May 26, 2024
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Parashat Emor that we read this week dedicates its first perek to the laws of kedusha as they apply to the kohanim. The obligation of the kohanim to retain a state of tahara, purity, when serving in the Mikdash, their prohibition to have contact with the dead and the women they are permitted to marry are all included in the first chapter. It is therefore only logical that our haftorah reflect that same theme, which is why Chazal established that the 44th perek of Yechezkel be read on this Shabbat. And, although some of the laws that the Navi teaches contain certain stringencies not found in the parsha itself, we accept that because, as the Radak explains, kohanim of the Third Temple would take upon themselves additional rigors and an elevated level of sanctity, reflecting the greater kedusha of the never-to-be-destroyed Beit HaMikdash.

As we have pointed out in the past, the final chapters of Sefer Yechezkel discuss the “Avoda,” the sacrificial rites that would be observed in the future Beit HaMikdash. HaRav Moshe Lichtenstein points out that these chapters are unique in that other prophetic writings include prophecies of consolation that describe the return of Israel to their land, the rebuilding of destroyed cities, the replanting of lost vineyards and the repopulating of deserted villages. But these final prakim are, in effect, the chapters of consolation of Sefer Yechezkel. In them, Yechezkel adds to the glorious picture of redemption portrayed by Yeshayahu and Yirmiyahu by reminding us that the return of the Temple service would also be part of the geula. After all, it is this navi who often speaks of Hashem’s presence, His shechina, leaving Yerushalayim and, therefore, it was only logical to describe the return of His glory as part-if not a central part-of the redemption.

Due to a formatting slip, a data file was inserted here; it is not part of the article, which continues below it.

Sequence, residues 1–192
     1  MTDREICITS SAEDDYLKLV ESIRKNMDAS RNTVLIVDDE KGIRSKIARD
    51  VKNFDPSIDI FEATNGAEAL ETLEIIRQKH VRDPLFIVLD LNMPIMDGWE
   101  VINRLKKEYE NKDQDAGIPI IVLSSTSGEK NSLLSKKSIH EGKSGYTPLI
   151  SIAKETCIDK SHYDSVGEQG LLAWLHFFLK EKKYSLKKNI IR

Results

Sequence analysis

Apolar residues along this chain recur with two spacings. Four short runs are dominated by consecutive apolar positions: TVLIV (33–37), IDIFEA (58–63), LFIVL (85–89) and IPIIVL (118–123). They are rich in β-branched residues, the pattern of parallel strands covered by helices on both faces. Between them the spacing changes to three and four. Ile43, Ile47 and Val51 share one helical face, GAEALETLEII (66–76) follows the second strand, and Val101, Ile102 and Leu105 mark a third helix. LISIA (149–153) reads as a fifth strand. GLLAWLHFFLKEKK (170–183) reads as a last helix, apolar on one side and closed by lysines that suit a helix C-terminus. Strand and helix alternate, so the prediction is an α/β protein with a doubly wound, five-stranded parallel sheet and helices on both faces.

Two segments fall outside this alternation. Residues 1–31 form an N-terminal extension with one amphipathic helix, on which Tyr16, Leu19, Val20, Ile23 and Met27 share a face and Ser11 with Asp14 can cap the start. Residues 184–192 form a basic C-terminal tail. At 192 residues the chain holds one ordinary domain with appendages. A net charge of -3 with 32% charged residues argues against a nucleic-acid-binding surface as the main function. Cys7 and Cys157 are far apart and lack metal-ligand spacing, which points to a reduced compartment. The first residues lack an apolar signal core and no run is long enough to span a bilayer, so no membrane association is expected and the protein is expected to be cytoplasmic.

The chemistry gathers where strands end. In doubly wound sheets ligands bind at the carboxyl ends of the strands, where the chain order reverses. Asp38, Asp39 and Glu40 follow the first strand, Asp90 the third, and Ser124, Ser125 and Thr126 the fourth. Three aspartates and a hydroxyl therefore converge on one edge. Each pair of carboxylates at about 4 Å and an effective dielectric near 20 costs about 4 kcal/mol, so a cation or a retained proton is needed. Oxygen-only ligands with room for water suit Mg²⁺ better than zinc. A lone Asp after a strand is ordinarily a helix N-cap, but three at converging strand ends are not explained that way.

It is also essential to note that Yechezkel describes the rather mundane, day to day rituals in the Holy Temple and not those of a special day or of a unique service. One might suggest that it is precisely this very fact, the idea that sanctity would reign and holiness would abound on a daily basis, which the prophet is emphasizing. The extraordinary impact of the geula would not be seen only on “special” days and “special” occasions but would rather, become part and parcel of daily life in the Holy Land. This, indeed, is the goal of geula. An independent state of Israel, living peacefully in the Land of Israel, drawing closer to the God of Israel.

A goal we must all strive to achieve.

By Rabbi Neil N. Winkler

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